E: Yes, I am Nadia’s other nephew. Okay, I’m lame, but I really love to learn. I got mildly into watching football this year because I just liked brain-slurping the rules, and I especially liked getting to ask my big brother questions out loud. I also really like making up special occasions, themes, dressing up, decorating. Me cleaning a room always turns into the home-makeover of a shelf.
4. Who are some of the artists and thinkers will you be bringing on the show?
N: Let's just say one of them rhymes with Breada Blurwig.
E: To ACTUALLY answer the question (Nadia), my best friend Kate and I like to plan parties we’ll never host, and casting PLAYD8s felt like actually getting to host one of those parties. Most of the guests I know as poets; we also have a scientist, imaginary friend, and a witch. They’re all brilliant and kind.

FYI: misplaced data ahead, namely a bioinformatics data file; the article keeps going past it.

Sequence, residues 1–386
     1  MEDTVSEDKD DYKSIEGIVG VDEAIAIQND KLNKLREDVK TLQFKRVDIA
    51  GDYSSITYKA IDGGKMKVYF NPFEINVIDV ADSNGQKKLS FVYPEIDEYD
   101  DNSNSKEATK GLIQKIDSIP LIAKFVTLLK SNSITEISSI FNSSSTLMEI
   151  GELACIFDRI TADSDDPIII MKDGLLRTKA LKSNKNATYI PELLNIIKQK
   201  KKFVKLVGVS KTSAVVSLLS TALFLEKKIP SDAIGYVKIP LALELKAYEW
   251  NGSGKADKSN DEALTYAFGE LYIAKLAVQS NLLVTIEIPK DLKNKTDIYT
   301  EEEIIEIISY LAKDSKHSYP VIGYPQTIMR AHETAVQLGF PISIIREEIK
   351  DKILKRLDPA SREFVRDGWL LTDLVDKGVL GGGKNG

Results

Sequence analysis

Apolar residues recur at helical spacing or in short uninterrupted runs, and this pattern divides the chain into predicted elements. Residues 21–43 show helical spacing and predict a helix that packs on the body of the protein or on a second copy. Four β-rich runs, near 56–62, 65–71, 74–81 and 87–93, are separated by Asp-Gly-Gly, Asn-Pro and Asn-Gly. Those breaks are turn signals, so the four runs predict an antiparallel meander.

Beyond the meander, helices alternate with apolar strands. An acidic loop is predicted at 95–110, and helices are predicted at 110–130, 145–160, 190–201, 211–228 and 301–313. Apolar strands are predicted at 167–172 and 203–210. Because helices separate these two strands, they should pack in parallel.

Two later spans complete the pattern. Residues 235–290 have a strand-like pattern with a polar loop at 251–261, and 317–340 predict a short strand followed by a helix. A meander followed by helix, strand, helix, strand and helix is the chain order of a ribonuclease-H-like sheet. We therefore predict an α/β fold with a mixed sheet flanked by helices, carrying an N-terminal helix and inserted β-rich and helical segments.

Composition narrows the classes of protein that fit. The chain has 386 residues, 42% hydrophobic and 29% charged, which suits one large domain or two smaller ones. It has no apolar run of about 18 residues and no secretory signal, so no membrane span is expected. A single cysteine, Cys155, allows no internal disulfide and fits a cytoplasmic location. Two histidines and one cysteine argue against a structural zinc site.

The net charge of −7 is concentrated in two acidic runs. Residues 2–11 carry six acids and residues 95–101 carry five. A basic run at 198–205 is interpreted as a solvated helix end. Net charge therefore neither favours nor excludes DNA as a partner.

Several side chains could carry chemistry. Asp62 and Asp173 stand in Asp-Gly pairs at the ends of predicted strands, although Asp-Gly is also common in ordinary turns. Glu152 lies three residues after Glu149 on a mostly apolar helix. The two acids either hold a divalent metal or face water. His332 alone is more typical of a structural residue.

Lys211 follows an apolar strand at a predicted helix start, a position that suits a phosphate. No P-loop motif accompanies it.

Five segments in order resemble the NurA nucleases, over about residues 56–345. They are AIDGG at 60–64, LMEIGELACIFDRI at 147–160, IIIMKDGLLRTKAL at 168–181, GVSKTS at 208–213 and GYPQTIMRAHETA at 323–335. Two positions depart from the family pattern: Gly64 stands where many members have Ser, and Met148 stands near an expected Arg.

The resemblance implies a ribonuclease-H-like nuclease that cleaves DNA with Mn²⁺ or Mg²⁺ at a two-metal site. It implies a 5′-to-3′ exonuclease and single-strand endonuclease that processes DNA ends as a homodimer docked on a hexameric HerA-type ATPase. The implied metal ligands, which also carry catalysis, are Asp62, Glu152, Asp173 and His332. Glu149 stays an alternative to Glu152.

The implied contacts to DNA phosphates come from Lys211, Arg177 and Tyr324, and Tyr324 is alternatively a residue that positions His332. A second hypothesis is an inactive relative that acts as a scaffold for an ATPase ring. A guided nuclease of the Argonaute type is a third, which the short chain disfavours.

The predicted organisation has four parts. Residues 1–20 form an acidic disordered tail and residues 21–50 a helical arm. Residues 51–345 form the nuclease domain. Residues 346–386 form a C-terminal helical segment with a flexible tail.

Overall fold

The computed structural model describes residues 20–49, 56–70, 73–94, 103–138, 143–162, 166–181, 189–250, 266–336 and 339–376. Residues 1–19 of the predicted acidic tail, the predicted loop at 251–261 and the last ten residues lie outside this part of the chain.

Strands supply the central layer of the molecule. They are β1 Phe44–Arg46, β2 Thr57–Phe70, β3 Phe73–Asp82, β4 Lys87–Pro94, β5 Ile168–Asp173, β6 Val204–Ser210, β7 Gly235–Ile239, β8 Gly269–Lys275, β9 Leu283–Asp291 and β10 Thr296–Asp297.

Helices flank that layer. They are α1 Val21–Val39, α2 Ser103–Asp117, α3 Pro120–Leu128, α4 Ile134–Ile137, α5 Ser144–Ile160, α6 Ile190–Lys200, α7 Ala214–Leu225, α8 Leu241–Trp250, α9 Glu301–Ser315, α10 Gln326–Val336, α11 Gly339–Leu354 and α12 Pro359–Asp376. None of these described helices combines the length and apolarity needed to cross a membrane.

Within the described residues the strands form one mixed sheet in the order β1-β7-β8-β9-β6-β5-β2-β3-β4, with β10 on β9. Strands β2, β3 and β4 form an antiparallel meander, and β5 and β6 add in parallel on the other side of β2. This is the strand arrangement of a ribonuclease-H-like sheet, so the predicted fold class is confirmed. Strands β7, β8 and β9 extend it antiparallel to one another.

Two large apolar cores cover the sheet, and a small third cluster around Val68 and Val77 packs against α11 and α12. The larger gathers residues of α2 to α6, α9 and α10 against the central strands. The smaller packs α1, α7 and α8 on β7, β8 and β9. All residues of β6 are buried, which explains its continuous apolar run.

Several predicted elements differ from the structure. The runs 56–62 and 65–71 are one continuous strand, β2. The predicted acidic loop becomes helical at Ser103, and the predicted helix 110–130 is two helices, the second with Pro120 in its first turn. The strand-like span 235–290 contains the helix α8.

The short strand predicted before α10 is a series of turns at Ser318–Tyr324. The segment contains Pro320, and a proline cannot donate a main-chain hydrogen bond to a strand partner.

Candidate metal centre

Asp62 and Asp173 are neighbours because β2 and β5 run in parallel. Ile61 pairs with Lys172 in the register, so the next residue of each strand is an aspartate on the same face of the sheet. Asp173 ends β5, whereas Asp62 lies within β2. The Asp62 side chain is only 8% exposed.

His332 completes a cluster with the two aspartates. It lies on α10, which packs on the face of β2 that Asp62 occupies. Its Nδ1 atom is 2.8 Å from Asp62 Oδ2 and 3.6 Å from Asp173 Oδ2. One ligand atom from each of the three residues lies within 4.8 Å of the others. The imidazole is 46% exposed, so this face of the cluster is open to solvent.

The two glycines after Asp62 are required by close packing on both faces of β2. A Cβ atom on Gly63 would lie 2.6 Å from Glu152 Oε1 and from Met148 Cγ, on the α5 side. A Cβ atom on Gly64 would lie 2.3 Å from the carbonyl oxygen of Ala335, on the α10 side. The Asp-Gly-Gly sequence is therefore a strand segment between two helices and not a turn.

Our first guest, Bára, is a musician, poet, and activist. She founded a literary magazine called Theta Wave, runs poetry workshops, and looks like an emperor every time I see her.
5. In conversations with these people, does the play aspect lead to deeper or more unique conversations?
E: I live with some chronic health issues, so maintaining constant eye contact can be really draining for me. Coloring together — which is how we play on the show — ended up being a fun way to circumvent excess fatigue. Bára is also chronically ill, and she said that the play made her comfortable to sit and really think while she felt around for a crayon. That was so good to hear, because I didn’t want it to be a distraction; I wanted it to make thoughts feel more possible.
6. Your idea started as a reaction after attending a reading that was "all ego, no fun." What aspects of the reading struck you as no fun?